In the end, Metz, Demuth and Widboom gave support for the wheelage tax, with Zylstra and Linssen voting in opposition. With the 3-2 vote in favor, Nobles County will alert the state regarding its choice to implement the tax.

The wheelage tax will take effect Jan. 1, 2014.

Following is how neighboring counties have addressed the wheelage tax:

* Rock County commissioners did not take action on the optional wheelage tax, deciding that the tax "wasn't anything they were interesting in pursuing," said Kyle Oldre, county administrator.

The commissioners discussed the new tax option as soon as it was offered by the state, but Oldre said they didn't discuss it at length.

"It didn't appeal to the board," he added. "I'm not sure we even took formal action on it."

The wheelage tax was estimated to generate $93,880 in 2014 for Rock County.

* Jackson County commissioners voted 3-2 Tuesday morning to approve the wheelage tax, which is estimated to generate $108,470.

"They approved it to provide additional funding for transportation projects and road projects," County Coordinator Janice Fransen said. "This funding can be used in a variety of areas, especially in country roads, and will address some of the needs that maybe aren't being met with the funding we have today."

* Murray County commissioners voted 4-1 Tuesday morning against implementing the wheelage tax. If passed, the tax would have generated an estimated $101,770 for the county.

"It's another tax the legislature is making us put on the people," Commissioner John Giese said.

Commissioner Robert Moline suggested the group vote against the tax and revisit the issue next year -- a motion approved by all the commissioners except Dave Thiner.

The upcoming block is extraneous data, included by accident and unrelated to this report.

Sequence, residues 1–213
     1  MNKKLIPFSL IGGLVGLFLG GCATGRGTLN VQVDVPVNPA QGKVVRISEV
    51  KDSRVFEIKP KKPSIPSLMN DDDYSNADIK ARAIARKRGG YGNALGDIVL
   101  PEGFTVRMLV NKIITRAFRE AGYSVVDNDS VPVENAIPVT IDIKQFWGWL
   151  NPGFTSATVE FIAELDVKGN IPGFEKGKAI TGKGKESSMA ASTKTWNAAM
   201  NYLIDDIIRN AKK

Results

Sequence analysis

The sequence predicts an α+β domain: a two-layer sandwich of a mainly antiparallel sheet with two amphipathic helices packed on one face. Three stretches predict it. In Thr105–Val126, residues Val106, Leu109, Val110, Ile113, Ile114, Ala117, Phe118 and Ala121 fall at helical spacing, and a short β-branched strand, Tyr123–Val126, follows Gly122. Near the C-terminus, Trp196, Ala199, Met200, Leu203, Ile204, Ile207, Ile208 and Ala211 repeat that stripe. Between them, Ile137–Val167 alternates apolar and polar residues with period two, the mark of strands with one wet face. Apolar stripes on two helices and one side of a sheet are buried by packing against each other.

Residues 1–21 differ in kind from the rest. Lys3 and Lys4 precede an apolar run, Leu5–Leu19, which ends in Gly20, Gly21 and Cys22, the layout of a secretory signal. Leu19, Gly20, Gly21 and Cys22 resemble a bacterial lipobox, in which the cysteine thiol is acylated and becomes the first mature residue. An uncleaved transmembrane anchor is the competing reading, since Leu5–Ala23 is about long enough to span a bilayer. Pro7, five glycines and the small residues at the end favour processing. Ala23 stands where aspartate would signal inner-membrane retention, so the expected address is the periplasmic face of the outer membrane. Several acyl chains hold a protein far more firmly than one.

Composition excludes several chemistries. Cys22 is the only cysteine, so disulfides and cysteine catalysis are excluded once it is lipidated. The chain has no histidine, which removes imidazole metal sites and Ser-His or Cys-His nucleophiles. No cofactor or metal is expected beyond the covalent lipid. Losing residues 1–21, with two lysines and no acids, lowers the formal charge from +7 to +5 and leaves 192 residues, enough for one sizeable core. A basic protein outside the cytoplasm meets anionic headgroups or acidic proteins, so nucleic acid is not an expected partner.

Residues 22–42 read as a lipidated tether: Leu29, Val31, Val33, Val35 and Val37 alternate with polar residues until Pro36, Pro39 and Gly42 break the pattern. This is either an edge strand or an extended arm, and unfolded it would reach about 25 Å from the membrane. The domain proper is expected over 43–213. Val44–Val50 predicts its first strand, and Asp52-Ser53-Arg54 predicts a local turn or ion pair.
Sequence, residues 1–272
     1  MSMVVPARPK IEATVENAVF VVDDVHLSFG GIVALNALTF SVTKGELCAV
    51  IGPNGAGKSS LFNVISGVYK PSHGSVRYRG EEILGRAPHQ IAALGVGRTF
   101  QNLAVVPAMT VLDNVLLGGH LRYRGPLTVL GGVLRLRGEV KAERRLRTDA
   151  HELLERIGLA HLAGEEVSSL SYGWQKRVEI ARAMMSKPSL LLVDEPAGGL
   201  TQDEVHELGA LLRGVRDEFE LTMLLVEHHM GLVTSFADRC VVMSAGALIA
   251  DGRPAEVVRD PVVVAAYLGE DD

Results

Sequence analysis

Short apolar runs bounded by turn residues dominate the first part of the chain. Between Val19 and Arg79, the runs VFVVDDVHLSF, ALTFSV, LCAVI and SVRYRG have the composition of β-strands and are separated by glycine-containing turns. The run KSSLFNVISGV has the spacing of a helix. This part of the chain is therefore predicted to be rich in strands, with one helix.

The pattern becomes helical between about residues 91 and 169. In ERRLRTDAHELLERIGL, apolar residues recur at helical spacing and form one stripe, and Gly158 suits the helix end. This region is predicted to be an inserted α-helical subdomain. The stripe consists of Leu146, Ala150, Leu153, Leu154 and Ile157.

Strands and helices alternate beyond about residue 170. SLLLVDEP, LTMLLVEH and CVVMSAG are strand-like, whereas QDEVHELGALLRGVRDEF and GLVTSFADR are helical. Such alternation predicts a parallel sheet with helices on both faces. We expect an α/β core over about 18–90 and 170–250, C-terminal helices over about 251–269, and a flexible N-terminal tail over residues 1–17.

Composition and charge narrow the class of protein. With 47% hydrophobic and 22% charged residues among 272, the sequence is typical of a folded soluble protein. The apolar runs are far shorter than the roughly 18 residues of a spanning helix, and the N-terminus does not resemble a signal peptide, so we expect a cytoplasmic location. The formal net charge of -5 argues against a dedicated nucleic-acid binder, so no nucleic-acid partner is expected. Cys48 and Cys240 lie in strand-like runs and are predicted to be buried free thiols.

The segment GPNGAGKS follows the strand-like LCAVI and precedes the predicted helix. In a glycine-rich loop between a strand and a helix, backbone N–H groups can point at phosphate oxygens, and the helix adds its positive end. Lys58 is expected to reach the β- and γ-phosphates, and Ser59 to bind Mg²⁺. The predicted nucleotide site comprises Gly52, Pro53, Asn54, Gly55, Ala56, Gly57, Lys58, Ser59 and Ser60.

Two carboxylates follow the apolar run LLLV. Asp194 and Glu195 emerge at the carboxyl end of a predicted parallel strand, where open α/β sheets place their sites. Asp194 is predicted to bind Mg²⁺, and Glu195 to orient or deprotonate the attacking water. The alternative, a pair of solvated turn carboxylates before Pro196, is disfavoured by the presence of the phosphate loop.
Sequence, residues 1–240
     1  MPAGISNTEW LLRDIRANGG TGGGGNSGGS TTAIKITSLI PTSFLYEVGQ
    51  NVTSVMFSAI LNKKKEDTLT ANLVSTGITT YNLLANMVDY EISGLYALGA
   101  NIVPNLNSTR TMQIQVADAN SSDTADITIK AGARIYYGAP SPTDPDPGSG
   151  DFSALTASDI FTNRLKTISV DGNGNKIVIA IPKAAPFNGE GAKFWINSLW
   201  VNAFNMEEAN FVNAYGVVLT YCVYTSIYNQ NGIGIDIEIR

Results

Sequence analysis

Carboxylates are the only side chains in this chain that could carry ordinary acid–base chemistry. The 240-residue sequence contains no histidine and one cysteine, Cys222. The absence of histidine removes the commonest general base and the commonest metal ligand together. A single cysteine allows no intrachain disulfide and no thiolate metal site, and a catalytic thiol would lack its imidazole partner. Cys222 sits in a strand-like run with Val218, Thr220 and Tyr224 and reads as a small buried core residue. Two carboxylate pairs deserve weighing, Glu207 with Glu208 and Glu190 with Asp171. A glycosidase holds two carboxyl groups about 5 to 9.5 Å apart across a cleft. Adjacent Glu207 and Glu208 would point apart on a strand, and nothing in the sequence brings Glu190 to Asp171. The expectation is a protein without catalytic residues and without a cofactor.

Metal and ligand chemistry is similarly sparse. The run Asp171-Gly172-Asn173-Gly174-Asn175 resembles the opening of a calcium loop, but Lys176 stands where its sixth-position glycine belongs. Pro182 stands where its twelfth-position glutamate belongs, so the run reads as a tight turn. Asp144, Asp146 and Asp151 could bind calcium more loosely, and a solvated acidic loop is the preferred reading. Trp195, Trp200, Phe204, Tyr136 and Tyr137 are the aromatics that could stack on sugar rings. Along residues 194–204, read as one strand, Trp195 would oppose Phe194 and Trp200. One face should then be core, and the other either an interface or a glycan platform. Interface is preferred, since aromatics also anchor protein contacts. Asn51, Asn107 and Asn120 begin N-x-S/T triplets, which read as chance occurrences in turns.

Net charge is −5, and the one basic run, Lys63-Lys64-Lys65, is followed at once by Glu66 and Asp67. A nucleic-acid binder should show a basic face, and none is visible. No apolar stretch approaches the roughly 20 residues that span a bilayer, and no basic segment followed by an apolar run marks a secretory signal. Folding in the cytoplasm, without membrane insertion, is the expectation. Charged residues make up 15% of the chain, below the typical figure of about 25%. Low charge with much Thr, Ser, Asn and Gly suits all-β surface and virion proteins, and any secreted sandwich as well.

* Cottonwood County commissioners approved the wheelage tax, which will generate an estimated $122,670 for the county, on July 2. The tax was passed unanimously by the commissioners.

* Pipestone County commissioners discussed the wheelage tax, which could have generated an estimated $106,680, at their regular July 2 meeting. They decided to not take formal action to proceed with the measure.

"There was a feeling among some board members that the state has provided this as an option for counties to help fund transportation, but yet we are really supposed to be funding transportation in a partnership way with the state," County Administrator Sharon Hanson said. "This shifts it more to the county rather than a shared responsibility, and that was a concern among our board members -- shifting the burden upon us when historically, since the beginning of major road construction, this has been something that the state and county have done together."

Julie Buntjer

Julie Buntjer joined the Globe newsroom in December 2003, after working more than nine years for weekly newspapers. A native of Worthington, she has a bachelor's degree in agriculture journalism. Find more of her stories of farm life, family and various other tidbits at